BASQUIAT AND DIAZ
by: JC RODRIGUEZ
"SAMO©,,,4 THE SO-CALLED
The late 70s in New York City, a city that was undergoing a transformation fueled by economic woes and widespread crime. Cuts in law enforcement and unemployment at 10% added to the gritier form of New York that has long been gone. During this time, the spread of graffiti had moved from the Bronx to the glossier Manhattan. It was at this time that Jean-Michel Basquiat and his high school friend, Al Diaz, created an alter ego, SAMO©.
“SAMO©,,, AS AN END TO THE 9 TO 5 “I WENT TO COLLEGE” “NOT 2-NITE HONEY”,,,BLUZ’,,,THINK,,,”
“SAMO©,,, 4 THE SO-CALLED AVANT-GARDE”
Becoming friends in High School, the pair decided to start a newspaper called Basement Blues Press. Basquiat was working on an article for the Spring 1977 issue about an imaginary religion he called SAMO. The idea was a guilt free religion. Shortly after the article being published, they printed flyers with fictional testimonials from people who changed their lives by converting to SAMO. The reaction was so strong to it, they kept the joke going. The word “SAMO” came from “Same Old Shit,” which is what they would describe their marijuana.
In 1978, SAMO© began appearing on the walls of New York. They continued to push the religious narrative by writing things like “SAMO© AS AN ALTERNATIVE TO GOD.” The subject matters changed to consumerism and politics. It wasn’t until later 1978 that their identity was revealed by an article on the Village Voice.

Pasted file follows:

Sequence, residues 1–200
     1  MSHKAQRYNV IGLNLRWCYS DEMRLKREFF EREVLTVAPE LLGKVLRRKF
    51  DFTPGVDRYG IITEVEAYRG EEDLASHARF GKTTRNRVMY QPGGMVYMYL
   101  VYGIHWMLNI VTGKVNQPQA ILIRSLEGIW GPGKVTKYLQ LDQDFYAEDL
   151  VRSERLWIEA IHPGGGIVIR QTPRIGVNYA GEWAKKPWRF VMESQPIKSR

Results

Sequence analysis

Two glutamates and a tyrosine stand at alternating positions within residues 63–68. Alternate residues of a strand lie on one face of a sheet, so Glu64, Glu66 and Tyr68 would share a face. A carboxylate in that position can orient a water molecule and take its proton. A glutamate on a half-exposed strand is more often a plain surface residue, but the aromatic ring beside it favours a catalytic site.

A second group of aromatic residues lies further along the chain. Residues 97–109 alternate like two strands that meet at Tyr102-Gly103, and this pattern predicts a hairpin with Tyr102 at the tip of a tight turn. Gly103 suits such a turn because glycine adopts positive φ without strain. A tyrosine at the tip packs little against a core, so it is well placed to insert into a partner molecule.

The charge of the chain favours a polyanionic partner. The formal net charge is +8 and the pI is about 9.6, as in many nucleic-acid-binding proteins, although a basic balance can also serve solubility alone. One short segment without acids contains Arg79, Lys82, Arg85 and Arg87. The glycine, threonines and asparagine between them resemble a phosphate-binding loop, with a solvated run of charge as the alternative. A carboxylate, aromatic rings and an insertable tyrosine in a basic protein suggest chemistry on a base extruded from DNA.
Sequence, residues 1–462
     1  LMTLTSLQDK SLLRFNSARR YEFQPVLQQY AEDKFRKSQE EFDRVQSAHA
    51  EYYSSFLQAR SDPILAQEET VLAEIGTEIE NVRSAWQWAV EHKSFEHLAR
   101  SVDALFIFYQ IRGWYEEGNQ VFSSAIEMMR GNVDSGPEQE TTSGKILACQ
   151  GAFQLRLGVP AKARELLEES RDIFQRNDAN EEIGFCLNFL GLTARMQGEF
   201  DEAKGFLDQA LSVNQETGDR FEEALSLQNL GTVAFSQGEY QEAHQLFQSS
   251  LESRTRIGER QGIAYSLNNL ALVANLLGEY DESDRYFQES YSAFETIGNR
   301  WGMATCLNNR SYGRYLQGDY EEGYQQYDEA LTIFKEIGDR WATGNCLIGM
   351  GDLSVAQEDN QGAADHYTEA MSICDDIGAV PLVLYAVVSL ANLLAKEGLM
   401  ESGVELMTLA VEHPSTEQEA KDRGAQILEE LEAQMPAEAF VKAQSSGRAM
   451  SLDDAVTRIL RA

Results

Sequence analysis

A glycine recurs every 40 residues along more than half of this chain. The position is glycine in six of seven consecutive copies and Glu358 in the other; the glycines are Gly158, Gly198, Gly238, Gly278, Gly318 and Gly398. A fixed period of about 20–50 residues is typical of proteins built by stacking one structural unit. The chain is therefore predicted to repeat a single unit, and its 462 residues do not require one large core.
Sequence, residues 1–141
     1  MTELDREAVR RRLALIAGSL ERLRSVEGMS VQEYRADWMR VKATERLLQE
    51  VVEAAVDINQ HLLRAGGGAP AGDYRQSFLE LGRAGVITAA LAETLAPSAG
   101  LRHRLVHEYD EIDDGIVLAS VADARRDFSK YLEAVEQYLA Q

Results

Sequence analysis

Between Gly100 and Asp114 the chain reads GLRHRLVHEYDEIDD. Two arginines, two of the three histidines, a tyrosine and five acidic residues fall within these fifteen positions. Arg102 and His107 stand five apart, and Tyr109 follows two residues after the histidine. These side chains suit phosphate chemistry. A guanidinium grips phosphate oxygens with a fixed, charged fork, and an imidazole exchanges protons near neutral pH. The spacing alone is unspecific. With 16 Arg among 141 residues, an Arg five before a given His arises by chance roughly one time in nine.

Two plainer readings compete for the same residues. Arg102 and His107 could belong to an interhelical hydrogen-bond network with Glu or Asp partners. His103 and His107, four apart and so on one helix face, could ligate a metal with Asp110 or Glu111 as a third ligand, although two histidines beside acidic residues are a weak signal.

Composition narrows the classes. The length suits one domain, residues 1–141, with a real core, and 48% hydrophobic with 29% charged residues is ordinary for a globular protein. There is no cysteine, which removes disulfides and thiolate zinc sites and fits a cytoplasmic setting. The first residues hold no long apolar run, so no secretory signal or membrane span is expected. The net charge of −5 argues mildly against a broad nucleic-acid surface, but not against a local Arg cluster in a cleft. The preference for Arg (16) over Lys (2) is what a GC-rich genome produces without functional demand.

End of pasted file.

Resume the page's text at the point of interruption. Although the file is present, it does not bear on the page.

This opened the doors for Basquiat. He began making connections in the art world with other artists like Keith Haring, Andy Warhol, and George Condo. Diaz decided to go the music route. It was early to mid 80s when Basquiat's career started to take off. Reaching superstardom in what seemed like a blink of an eye. This brought added pressures to the artist that he wasn’t equipped to handle. He began doing heroin and his work fell out of favor among the collecting elites. This took Basquiat to a deep depression.
On August 12, 1988, 27-year-old Basquiat died at his art studio on Great Jones Street in Manhattan’s NoHo neighborhood.
Diaz recalled the time as “we were just kids.” “What we were doing was more like Greco-Roman graffiti, making commentaries on the world around us and that set us aside. We thought we were a little bit ahead of the game.” SAMO© returned after Trump was elected. Two hours after the election and social media post appeared.
“SAMO©,,, FOR NASTY WOMEN AND